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Home > Types of Gardening > Backyard Gardening > Soil -- Testing
Soil -- Testing
Soil -- TestingGet acquainted with the soil in the plot. A soil test will reveal fertilizer needs and composition of soil. Soil testing is available for a nominal fee through area extension services and some private testing labs. Soil testing for home gardens is recommended every three to five years.

Soil tests determine the pH, salt concentration and level of nutrients. On a scale with a pH of seven being neutral, many vegetables will grow quite well from 6.0 to 8.4. With the analysis, the lab or extension service will provide information on needed soil improvements.

Topsoil

Although crops prefer a perfect soil, most will adapt and grow satisfactorily in a wide range of soil conditions from sand to clay provided they are handled correctly. Avoid the temptation to haul in topsoil to improve on what is already there. It is almost always better to work with existing soil than to haul in topsoil.

There are no legal definitions for topsoil, so providers can sell soil of nearly any composition and call it topsoil. Hauled in soil may not be any better than the existing soil in the garden plot. It could be a source of noxious weeds with a less than favorable pH or of worse texture than what is there. When fill is needed to raise the level of the yard or to fill in a coarse gravel bed, soil must be hauled in. Be aware that it may or may not improve the area where it is placed.

Soil Texture

The minerals in soil are tiny particles of weathered rock. Texture refers to how the relative sizes of the particle structure deal with their arrangement.

Most soils contain varying sizes of minerals. The relative amounts of sand silt and clay determine the type of soil in your garden. Soil scientists use a soil triangle to illustrate the relative proportions and resulting soil structure. Very large soil particles are sand, medium sized particles are silt and fine particles are clay. The different sizes of the particles do not mesh tightly, allowing for tiny pores between them that allow the water, nutrients and air to move through the soil to the roots. An even mixture of the three makes the best garden soil. Since most soils are not an even mixture, compensate for the parts that keep the garden from producing as it should.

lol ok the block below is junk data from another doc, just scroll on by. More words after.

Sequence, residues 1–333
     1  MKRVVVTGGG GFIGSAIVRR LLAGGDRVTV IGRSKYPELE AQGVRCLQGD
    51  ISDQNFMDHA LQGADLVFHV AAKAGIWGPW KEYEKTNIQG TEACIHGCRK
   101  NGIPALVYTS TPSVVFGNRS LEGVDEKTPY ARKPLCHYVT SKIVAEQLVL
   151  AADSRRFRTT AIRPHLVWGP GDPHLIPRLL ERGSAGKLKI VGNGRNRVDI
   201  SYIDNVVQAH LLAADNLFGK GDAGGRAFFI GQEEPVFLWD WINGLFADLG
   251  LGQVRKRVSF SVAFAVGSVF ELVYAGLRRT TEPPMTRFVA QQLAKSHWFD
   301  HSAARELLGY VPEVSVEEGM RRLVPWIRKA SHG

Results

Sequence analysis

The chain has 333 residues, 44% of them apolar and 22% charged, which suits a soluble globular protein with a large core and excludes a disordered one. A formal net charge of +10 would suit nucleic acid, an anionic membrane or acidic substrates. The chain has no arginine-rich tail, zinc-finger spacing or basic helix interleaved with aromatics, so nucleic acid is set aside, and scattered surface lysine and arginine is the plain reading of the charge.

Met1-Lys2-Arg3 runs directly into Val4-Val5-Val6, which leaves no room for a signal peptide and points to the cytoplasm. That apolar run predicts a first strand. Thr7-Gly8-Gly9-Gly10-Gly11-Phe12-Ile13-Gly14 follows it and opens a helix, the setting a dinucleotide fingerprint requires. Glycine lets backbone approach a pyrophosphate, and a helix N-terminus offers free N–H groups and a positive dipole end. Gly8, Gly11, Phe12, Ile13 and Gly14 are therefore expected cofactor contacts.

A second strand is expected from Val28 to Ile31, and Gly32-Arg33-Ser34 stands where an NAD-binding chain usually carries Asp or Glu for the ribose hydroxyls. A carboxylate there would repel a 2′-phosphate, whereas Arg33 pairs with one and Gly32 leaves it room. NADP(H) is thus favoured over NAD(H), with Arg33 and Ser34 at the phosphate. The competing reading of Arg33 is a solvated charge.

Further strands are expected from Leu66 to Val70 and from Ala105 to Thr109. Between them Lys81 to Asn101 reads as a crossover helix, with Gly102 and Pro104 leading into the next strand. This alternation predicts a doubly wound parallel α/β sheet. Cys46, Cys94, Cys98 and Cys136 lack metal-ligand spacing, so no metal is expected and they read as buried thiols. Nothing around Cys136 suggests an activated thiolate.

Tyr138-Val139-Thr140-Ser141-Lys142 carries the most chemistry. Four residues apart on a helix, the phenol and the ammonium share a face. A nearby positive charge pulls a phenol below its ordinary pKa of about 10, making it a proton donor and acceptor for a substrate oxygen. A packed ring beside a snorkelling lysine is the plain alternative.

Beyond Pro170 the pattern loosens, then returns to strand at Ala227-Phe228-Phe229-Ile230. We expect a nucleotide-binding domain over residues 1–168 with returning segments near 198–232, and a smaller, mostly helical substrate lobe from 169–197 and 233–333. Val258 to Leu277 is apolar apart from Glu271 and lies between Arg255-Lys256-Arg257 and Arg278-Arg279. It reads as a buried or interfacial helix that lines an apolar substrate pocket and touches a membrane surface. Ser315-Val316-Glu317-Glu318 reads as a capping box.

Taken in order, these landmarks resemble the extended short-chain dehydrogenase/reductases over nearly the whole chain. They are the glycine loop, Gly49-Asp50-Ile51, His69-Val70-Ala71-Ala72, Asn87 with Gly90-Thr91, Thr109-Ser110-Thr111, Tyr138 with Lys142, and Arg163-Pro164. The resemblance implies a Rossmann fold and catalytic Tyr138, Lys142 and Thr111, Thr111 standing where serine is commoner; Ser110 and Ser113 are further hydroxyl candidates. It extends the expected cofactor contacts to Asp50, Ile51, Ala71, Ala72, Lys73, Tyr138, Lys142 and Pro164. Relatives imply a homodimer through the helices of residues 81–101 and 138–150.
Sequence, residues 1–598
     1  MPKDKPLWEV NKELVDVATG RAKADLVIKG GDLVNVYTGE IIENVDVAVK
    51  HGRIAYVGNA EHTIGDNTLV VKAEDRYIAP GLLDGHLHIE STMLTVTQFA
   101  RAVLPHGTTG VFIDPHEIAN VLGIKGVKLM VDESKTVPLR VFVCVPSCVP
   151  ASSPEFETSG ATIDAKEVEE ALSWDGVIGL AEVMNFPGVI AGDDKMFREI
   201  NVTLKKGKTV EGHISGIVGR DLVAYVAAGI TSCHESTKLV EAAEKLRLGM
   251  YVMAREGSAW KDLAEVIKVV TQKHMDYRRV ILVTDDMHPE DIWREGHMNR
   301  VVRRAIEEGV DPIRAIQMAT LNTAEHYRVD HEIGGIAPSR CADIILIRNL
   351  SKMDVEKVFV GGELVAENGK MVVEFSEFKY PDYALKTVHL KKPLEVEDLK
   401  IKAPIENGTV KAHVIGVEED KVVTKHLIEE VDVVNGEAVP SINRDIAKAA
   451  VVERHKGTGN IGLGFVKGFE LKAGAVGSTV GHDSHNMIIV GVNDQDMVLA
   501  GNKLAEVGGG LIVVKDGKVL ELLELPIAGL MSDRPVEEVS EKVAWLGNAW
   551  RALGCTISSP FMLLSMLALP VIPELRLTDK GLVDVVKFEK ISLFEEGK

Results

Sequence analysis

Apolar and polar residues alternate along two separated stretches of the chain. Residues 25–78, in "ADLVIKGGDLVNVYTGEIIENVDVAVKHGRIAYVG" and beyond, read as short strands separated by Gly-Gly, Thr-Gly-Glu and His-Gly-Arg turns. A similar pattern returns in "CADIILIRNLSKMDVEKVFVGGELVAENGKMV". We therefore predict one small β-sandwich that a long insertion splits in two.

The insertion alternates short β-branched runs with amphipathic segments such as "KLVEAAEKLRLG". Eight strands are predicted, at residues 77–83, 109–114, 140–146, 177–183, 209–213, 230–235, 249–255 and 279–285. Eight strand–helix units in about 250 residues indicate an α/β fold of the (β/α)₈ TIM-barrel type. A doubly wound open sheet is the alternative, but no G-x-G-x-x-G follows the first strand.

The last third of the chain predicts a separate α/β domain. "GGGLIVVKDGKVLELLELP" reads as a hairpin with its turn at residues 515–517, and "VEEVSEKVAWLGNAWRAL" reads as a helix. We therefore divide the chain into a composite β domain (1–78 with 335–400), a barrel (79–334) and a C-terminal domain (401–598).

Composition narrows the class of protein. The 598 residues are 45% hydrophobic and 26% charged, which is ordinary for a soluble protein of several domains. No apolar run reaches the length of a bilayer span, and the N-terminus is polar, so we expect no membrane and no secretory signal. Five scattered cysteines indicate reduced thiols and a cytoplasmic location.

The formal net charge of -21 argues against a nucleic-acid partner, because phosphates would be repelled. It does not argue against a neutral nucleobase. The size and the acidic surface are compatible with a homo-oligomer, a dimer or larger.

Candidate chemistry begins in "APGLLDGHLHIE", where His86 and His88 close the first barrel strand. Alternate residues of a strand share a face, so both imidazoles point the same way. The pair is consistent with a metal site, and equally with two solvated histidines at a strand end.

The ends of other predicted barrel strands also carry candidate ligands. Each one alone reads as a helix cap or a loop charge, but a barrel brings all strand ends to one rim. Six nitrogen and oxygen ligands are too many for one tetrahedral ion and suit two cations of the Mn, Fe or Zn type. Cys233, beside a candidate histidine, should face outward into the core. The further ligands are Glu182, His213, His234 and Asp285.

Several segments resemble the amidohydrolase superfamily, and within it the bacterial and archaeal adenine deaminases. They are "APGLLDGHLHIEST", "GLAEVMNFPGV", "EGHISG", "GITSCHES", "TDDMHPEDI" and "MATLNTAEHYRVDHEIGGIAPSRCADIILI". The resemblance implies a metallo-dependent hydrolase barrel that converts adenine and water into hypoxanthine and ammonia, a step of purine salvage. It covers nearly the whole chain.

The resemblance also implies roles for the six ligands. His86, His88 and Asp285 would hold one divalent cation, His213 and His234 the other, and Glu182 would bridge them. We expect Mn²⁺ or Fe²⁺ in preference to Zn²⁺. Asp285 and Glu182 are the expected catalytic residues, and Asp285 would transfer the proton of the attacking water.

Knowing what type of soil is in the garden makes planning and cultivation easier. Sandy soil, which warms early in the spring and allows water to drain freely, is less likely to compact than other types. However, it does not hold water well.

Clay soil, composed of tiny particles that cling together readily holds moisture and locks air out. Typically it feels heavier than sandy soils because it holds water so well. Roots do not develop as well in clay soils because they have to penetrate the dense material and because they have difficulty getting enough oxygen for optimum growth.

Loam soils contain somewhat equal proportions of sand, silt and clay. Loam soils hold moisture and nutrients around the root zone, and drain well enough to deliver needed oxygen to the roots.

Between the three basic types of soil, very light sand, heavy clay, and loam are other variations - sandy loam, loamy clay, etc.

To determine the type of soil in a garden plot, test it by turning over a shovel full of soil and squeeze it together. If it does not stick together well, the soil is probably sandy, if it forms a sticky ball that does not easily come apart, the soil is clay. Soil that forms a ball, crumbles easily and is not particularly sticky is considered loam.

Optimum plant growth occurs in soils that hold water and nutrients around roots, yet drains well enough to allow oxygen into the area. It should also offer support for plants. Always correct soil imbalances before planting.
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